Hockey is a quick paced sport with a lot of physical contact. Due to hockey's quick nature, players have to make many split-second decisions both offensively and defensively. Oftentimes, a player may be out of position and as a result, a penalty occurs. Penalties are a huge part of the game of hockey and power plays lead to many scoring chances throughout hockey games and tournaments.
A hockey penalty is when a player commits a violation, usually by being too physical with the opponent. There are different types of hockey penalties and many different classifications of penalties. Penalties may lead a player to a number of different repercussions such as penalty box time or even ejections.
Penalties are assessed by severity and each classification of penalty has different repercussions. There are:
Minor penalties are smaller infractions that usually lead to a player spending 2 minutes in the penalty box. When an athlete goes to the penalty box, the team with the player who is serving the penalty will be down a man (Ex. A player gets 2 minutes in the penalty box for tripping, that team now only has 4 players on the ice compared to the standard 5 players that the other team will have on the ice). When one team has more players on the ice at a given time due to a penalty, this is called a power play, and many goals in hockey result from power plays due to one team's player advantage.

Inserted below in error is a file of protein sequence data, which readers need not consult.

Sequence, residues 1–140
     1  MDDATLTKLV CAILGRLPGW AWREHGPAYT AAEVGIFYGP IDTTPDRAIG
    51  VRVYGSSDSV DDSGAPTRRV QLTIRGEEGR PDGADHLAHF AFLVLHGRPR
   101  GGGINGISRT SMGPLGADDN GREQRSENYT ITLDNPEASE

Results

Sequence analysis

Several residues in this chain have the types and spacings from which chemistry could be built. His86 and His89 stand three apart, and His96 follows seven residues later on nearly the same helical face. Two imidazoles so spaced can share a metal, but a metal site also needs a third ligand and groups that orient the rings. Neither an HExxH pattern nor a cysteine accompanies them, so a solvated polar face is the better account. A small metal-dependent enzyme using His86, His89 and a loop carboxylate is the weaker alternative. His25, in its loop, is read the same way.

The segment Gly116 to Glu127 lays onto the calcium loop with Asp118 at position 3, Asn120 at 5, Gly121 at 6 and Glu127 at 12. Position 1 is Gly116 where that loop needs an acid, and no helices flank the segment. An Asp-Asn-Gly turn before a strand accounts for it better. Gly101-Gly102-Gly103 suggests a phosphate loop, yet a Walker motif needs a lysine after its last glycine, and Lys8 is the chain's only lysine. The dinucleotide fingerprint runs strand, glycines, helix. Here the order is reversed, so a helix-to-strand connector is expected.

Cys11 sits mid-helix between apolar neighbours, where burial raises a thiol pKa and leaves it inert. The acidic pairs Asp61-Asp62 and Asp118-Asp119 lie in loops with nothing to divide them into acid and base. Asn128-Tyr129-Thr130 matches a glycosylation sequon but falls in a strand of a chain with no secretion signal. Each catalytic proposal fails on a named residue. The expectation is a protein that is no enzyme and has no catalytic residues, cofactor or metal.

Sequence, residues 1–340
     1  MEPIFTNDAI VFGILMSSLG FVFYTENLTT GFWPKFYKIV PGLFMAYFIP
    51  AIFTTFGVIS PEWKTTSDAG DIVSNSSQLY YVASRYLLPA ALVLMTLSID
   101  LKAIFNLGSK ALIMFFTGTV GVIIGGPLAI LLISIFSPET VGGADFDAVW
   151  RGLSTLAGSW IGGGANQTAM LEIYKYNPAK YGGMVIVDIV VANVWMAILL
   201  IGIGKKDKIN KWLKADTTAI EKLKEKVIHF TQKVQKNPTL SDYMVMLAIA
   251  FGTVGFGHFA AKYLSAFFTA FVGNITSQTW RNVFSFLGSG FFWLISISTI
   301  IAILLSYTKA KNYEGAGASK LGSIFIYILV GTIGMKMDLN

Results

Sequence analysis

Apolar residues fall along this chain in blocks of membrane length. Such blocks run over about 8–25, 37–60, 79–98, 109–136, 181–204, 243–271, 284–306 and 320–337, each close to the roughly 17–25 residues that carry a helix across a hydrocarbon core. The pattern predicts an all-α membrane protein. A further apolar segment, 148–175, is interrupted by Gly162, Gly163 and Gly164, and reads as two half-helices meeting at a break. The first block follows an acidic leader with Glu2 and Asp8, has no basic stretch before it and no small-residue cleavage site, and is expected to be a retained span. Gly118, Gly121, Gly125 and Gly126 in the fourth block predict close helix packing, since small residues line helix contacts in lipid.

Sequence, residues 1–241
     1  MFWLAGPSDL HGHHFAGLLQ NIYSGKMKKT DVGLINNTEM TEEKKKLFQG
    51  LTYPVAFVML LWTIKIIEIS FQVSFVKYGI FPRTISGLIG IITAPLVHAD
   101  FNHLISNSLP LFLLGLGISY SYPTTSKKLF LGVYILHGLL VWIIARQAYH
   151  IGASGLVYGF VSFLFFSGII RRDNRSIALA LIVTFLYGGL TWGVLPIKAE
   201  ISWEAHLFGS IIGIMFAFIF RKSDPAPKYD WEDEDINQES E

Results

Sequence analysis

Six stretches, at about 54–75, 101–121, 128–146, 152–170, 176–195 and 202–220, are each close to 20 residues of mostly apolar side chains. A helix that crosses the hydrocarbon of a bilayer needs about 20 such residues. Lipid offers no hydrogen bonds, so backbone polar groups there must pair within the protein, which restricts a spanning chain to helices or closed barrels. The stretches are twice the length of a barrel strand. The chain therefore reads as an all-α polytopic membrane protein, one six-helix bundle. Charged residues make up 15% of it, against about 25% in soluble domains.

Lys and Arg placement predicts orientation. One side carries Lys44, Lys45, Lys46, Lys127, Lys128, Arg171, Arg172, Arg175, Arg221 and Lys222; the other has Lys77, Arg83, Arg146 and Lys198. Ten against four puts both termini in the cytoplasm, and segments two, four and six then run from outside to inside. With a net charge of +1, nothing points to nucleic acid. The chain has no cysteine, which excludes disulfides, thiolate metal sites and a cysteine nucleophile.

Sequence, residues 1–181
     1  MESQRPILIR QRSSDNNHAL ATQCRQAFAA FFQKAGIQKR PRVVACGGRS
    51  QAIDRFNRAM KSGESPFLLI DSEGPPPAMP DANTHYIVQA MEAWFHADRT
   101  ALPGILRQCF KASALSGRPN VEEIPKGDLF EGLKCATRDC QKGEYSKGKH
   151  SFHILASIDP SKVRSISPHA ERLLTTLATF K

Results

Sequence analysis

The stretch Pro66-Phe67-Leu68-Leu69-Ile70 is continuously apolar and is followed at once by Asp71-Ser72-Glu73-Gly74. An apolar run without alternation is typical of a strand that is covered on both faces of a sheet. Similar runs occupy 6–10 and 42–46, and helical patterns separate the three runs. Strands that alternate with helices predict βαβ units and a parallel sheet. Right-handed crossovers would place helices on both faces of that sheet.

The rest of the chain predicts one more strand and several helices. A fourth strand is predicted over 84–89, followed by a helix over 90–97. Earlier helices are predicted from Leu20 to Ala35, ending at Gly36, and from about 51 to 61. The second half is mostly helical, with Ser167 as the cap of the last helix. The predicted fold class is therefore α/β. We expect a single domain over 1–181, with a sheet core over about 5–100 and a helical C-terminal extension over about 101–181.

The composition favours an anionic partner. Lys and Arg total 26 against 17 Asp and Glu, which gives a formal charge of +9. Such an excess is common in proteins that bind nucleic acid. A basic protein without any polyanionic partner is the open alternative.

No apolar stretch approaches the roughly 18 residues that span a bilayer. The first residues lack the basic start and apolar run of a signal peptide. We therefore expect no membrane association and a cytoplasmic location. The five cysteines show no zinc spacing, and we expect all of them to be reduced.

There is another key role in relation to minor penalties. If one team is serving a 2-minute minor penalty, the player in the penalty will be released from the box early if the opposing team scores. This is a key difference between a minor penalty and a major or misconduct penalty.
If a player gets injured as a result of a minor penalty, some referees will issue a double minor penalty, where the player serves two 4 minute penalties but those cases are rare.
Some penalties are worse, and carried out in a malicious manner. These penalties will be assessed by the referee and usually result in a major penalty. As a result of a major penalty, a player will be required to sit inside of the penalty box for 5 minutes. Major penalties guarantee that the player who committed the offense will serve the required 5 minutes, no matter how many times the opposing team scores during the course of the power play. Major penalties are severe and coaches become furious when one is assessed.
Any minor penalty that has been assessed and is determined to be carried out with malicious intent will be enforced as a major penalty and the player will serve an automatic 5 minutes in the penalty know matter how much the other team scores during the power play.
A misconduct penalty forces a player to sit in the penalty box for 10 minutes. Once the 10 minutes is over, the player will have to wait until the next stoppage of play to skate onto the ice, which is different from other penalties, where a player can skate right onto the ice from the penalty box after serving the time. This is because a misconduct does not lead to a power play. A misconduct penalty results in an automatic 10-minutes in the box, with that player being immediately substituted by a player on the same team. Misconduct penalties are more severe than major penalties but they still do not warrant an ejection form the game.